A growing number of Japanese parents are choosing these unconventional names, often in hopes of making their children stand out in a country where pressure to conform is strong.
Mr. Matsumoto’s parents were driven by that same desire for uniqueness, but to him, his name was a shackle.
This spring, he went to family court and had it changed to a common one, Yuuki, written in a way anyone could read.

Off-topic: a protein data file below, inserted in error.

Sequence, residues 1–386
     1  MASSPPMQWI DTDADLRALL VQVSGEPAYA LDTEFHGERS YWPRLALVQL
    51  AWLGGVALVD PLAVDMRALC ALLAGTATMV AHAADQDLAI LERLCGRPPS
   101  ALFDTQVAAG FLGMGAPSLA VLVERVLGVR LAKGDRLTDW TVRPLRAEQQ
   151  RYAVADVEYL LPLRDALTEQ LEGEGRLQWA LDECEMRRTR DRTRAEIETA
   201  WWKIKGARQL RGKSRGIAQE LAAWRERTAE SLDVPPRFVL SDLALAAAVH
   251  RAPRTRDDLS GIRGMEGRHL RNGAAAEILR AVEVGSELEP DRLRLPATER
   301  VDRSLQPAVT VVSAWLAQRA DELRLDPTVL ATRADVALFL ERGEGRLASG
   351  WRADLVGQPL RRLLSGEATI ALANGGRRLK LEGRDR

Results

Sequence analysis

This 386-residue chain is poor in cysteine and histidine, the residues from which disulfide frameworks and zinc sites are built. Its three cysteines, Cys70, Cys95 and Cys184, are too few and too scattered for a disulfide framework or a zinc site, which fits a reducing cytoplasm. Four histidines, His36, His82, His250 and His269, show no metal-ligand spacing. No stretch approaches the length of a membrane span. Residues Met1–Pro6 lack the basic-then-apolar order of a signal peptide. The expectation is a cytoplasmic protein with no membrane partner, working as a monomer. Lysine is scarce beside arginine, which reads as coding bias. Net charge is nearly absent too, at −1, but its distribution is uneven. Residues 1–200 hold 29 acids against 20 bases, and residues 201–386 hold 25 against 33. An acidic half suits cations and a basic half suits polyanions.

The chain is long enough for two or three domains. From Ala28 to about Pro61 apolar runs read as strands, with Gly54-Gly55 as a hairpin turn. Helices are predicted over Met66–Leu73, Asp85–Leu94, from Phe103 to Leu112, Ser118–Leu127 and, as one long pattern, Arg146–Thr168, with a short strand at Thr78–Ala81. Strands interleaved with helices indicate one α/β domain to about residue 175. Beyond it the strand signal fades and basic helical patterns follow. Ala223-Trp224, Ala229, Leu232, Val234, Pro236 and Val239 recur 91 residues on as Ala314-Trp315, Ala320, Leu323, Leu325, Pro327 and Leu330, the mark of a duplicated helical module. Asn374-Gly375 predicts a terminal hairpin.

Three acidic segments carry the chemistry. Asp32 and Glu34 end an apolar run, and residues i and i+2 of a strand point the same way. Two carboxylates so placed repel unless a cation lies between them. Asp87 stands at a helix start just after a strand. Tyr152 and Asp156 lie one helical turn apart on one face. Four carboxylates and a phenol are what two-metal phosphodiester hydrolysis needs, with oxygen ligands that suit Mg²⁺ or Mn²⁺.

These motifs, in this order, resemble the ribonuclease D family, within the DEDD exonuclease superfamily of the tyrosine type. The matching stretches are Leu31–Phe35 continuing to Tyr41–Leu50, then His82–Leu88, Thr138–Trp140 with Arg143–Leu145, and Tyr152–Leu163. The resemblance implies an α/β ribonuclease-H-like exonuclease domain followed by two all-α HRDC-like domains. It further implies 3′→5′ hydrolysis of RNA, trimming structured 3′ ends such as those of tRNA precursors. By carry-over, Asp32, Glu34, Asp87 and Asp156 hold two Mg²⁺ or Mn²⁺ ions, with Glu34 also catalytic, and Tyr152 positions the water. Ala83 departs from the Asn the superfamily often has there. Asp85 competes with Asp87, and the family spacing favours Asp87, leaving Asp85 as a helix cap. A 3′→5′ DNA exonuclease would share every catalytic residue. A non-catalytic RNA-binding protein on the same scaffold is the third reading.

Japan is far from the only country where unusual names are on the rise.
But Japanese children with unconventional names face societal and practical challenges unique to their country and its written language.
Yuni Matsumoto, Matsumoto, kira, kira —, “, ”